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Keystone Bridge gets more noticeable

Published Monday, September 17, 2007 1:13:37 PM Central Time

By JASON JUNO

Globe Staff Writer

RAMSAY -- Visitors having trouble finding the Keystone Bridge will receive a little help.

It's now one of 23 stops on the Western Upper Peninsula's Heritage Trail.

"People were like, 'Where is it?'" Bessemer Township Clerk Debbie Janczak said. "It's kind of hard to find, but it's awesome once you find it."

The signs were added this summer to aid tourists who come to the Gogebic Range looking for the history and scenery.

Two other sites on the trail are the Gogebic County Courthouse in Bessemer and Bond Falls in Paulding.

"It was wonderful to put us on the map," Janczak said.

The township is landscaping the area around the sign. It is across the river from the bridge with a nice view.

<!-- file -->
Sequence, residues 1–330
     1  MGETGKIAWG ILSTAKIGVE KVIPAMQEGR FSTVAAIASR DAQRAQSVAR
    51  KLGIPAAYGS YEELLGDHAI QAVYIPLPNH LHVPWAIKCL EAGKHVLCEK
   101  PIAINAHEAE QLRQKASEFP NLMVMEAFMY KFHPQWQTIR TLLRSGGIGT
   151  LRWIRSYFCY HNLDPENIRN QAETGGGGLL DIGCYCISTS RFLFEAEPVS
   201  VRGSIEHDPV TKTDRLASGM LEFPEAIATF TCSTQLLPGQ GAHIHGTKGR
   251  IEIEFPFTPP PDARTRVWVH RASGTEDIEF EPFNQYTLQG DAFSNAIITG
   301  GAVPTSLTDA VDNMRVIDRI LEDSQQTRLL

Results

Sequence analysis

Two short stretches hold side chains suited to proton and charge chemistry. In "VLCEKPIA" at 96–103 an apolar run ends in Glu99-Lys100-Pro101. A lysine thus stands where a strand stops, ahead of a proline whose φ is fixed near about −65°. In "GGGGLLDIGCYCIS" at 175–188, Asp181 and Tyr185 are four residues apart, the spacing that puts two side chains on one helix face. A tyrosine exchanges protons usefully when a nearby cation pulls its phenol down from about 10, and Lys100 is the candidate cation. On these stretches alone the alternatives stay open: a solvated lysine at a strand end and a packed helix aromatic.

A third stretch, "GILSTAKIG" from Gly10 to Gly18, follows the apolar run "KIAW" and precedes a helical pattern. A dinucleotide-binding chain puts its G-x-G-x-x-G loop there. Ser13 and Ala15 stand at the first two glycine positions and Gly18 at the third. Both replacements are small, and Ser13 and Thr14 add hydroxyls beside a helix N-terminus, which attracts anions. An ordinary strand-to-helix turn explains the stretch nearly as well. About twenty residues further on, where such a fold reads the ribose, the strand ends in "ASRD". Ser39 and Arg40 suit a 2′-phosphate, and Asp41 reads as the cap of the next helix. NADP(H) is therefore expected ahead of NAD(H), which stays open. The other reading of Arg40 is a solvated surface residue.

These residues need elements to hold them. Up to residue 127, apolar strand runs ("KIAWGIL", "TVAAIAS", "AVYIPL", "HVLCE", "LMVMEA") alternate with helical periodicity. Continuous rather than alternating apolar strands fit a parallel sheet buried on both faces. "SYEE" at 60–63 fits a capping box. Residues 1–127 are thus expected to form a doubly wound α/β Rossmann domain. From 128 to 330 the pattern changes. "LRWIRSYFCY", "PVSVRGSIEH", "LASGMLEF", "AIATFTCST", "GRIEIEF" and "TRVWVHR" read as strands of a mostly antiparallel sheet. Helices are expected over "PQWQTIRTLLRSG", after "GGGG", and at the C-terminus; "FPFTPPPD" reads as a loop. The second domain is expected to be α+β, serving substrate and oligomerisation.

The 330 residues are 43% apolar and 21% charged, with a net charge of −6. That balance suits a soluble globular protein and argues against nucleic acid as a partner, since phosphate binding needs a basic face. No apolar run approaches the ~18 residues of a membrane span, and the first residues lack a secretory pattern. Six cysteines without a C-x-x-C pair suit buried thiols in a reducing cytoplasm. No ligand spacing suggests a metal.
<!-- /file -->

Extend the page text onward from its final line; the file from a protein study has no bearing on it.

"It's amazing how many people take pictures there," township supervisor Jeff Randall said. Wedding parties frequently stop there for photos.

There are few keystone bridges left in the U.S.

The bridge, 57 feet above the Black River, was built by the Chicago and North Western Railway Company in 1891, using limestone.

According to Randall, the bridge was built with a temporary wooden frame in the middle to hold it up during construction. Dirt was then placed around the structure.

There are three arches. Take the top stone out of each arch, the keystone, and the bridge, in theory, falls.

The weight applies pressure on the structure, held in by the dirt. There's no mortar, or glue, to hold it up.

The bridge is used as a snowmobile trail.

People formerly would swim in the river there.

"Back in the old days, it was quite the hangout," Janczak said.

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